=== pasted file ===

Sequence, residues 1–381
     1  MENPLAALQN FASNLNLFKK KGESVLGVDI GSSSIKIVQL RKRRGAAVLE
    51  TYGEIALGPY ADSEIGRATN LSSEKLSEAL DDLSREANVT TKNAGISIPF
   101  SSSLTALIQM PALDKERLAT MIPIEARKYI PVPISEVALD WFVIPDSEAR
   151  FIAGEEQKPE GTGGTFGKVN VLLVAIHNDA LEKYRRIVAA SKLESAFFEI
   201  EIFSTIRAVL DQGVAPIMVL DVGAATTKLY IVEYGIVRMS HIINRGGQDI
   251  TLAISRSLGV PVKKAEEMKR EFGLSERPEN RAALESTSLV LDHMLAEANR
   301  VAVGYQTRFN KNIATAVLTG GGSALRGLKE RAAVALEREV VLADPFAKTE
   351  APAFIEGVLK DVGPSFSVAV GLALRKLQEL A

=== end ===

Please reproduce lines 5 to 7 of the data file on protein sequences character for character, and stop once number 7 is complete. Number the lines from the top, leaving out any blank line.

   151  FIAGEEQKPE GTGGTFGKVN VLLVAIHNDA LEKYRRIVAA SKLESAFFEI
   201  EIFSTIRAVL DQGVAPIMVL DVGAATTKLY IVEYGIVRMS HIINRGGQDI
   251  TLAISRSLGV PVKKAEEMKR EFGLSERPEN RAALESTSLV LDHMLAEANR